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Whiter the Indigenous Languages of Brunei Darussalam?

Peter W. Martin
Oceanic Linguistics
Vol. 34, No. 1 (Jun., 1995), pp. 27-43
DOI: 10.2307/3623110
Stable URL: http://www.jstor.org/stable/3623110
Page Count: 17
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Since scans are not currently available to screen readers, please contact JSTOR User Support for access. We'll provide a PDF copy for your screen reader.
Whiter the Indigenous Languages of Brunei Darussalam?
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Abstract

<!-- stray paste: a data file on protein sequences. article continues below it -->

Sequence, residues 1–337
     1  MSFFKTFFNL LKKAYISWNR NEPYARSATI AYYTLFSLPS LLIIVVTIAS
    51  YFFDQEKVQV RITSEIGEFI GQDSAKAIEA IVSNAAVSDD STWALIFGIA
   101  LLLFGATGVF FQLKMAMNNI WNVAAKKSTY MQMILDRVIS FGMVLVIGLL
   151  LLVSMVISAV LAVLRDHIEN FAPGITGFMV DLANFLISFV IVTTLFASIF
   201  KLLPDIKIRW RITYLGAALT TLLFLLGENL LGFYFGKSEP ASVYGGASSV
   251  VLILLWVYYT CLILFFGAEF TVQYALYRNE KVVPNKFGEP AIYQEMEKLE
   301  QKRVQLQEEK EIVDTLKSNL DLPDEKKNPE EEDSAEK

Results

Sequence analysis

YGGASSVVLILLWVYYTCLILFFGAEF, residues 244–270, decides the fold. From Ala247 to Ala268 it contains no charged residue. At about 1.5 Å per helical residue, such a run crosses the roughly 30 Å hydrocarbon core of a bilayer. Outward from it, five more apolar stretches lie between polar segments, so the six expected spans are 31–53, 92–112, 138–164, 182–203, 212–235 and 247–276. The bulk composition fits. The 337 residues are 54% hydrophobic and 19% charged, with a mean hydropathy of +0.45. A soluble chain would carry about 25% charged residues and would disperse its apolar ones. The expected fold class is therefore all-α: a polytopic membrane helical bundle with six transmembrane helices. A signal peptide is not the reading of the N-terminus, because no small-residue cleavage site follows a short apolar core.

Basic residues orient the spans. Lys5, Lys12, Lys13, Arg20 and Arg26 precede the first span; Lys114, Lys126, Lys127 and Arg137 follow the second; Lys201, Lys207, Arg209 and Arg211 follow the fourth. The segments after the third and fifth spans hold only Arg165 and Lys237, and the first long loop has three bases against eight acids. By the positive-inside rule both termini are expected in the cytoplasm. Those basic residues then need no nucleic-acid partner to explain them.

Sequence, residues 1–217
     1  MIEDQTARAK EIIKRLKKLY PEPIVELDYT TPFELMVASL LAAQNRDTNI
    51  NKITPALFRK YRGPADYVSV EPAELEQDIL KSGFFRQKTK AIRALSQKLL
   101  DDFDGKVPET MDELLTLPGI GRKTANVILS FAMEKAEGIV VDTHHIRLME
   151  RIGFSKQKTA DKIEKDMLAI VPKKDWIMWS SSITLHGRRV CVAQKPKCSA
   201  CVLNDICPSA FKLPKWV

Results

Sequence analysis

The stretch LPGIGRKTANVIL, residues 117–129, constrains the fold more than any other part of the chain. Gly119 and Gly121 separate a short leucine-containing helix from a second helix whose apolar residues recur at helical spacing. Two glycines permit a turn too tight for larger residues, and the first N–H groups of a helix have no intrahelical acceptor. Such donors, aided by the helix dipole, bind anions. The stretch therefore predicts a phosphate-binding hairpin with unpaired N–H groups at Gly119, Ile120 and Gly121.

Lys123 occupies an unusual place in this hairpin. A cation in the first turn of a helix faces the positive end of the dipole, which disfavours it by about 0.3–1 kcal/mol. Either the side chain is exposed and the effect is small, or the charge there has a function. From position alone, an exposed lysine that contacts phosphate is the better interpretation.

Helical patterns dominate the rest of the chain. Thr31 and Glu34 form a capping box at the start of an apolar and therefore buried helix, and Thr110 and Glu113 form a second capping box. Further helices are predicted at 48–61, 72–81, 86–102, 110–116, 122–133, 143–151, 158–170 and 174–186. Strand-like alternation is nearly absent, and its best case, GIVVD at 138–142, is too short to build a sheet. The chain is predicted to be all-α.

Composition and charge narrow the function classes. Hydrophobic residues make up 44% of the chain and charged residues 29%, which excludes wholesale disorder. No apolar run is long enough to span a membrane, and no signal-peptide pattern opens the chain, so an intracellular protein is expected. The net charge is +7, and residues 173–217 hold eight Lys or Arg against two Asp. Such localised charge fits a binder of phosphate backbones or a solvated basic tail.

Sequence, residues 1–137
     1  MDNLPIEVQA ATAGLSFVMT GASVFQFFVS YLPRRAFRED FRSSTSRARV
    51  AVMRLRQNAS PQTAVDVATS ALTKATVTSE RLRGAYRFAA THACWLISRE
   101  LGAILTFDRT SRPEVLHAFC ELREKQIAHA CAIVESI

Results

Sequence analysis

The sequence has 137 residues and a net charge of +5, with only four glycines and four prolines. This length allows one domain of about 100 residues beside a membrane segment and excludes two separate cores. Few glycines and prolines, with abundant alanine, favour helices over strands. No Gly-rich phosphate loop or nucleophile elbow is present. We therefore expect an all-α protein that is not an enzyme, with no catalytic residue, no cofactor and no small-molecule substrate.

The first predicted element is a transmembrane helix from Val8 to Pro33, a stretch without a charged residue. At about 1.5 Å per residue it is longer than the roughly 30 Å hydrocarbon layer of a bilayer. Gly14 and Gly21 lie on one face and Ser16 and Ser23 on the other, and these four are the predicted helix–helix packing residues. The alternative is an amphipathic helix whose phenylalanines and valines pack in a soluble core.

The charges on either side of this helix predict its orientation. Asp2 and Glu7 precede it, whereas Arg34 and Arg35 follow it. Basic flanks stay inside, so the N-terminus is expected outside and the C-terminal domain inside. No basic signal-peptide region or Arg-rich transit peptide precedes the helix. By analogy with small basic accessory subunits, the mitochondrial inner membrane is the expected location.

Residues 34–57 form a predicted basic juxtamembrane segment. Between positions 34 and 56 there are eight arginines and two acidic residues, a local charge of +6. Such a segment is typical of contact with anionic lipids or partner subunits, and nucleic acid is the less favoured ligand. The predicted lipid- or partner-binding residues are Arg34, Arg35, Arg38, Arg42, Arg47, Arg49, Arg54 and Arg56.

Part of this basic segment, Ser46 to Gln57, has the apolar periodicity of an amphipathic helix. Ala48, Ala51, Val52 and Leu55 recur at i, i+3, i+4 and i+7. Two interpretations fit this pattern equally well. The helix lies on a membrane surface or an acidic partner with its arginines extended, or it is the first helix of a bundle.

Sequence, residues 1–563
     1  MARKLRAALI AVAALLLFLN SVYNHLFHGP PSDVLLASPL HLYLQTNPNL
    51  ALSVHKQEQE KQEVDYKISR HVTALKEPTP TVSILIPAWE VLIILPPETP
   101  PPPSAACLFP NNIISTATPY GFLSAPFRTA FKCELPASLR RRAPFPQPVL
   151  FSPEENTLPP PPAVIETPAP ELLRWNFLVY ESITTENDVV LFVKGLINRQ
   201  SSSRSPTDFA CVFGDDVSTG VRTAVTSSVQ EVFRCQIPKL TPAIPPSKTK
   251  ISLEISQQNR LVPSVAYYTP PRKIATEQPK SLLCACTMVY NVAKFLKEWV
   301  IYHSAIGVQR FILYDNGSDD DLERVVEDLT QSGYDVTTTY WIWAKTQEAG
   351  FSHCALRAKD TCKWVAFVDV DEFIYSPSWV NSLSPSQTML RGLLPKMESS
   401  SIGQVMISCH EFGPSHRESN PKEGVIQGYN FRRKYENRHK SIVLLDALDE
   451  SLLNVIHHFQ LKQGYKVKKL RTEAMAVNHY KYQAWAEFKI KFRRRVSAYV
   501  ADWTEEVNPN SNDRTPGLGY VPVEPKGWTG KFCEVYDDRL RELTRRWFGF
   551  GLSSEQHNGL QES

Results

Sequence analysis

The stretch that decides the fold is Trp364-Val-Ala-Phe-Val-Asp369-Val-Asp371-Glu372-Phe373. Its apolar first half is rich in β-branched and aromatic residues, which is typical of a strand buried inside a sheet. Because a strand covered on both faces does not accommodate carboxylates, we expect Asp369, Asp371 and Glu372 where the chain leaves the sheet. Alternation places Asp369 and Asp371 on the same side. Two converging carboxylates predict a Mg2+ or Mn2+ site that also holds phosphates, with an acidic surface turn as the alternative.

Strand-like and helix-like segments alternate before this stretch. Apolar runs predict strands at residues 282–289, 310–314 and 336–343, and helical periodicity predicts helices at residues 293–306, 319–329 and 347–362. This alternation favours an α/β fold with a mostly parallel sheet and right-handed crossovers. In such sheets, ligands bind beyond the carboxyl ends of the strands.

Rapid social change over the whole island of Borneo has been accompanied by a shift away from many of the smaller languages toward the socially more dominant languages. This paper looks at the changing linguistic scene in Brunei Darussalam, the small sultanate sandwiched between the Malaysian states of Sarawak and Sabah on the northern coast of Borneo. Although the population of Brunei only slightly exceeds a quarter of a million people, it is nevertheless a linguistically-diverse country with at least eight Austronesian languages spoken in the country. The paper aims to provide some statement on the present vitality of the indigenous languages of Brunei, a country hitherto almost totally neglected by philologists. The study looks at the sociolinguistic history of the Bruneian speech community from a number of angles. After first identifying the languages of Brunei (including a number that have disappeared from use), the study considers a number of environmental factors (historical, demographic, economic, political, and religious) that have affected the linguistic ecology of Brunei. The final section of the paper considers actual language use within the linguistic ecosystem, and the changes that are occurring in the languages and in the use of langues in Brunei.

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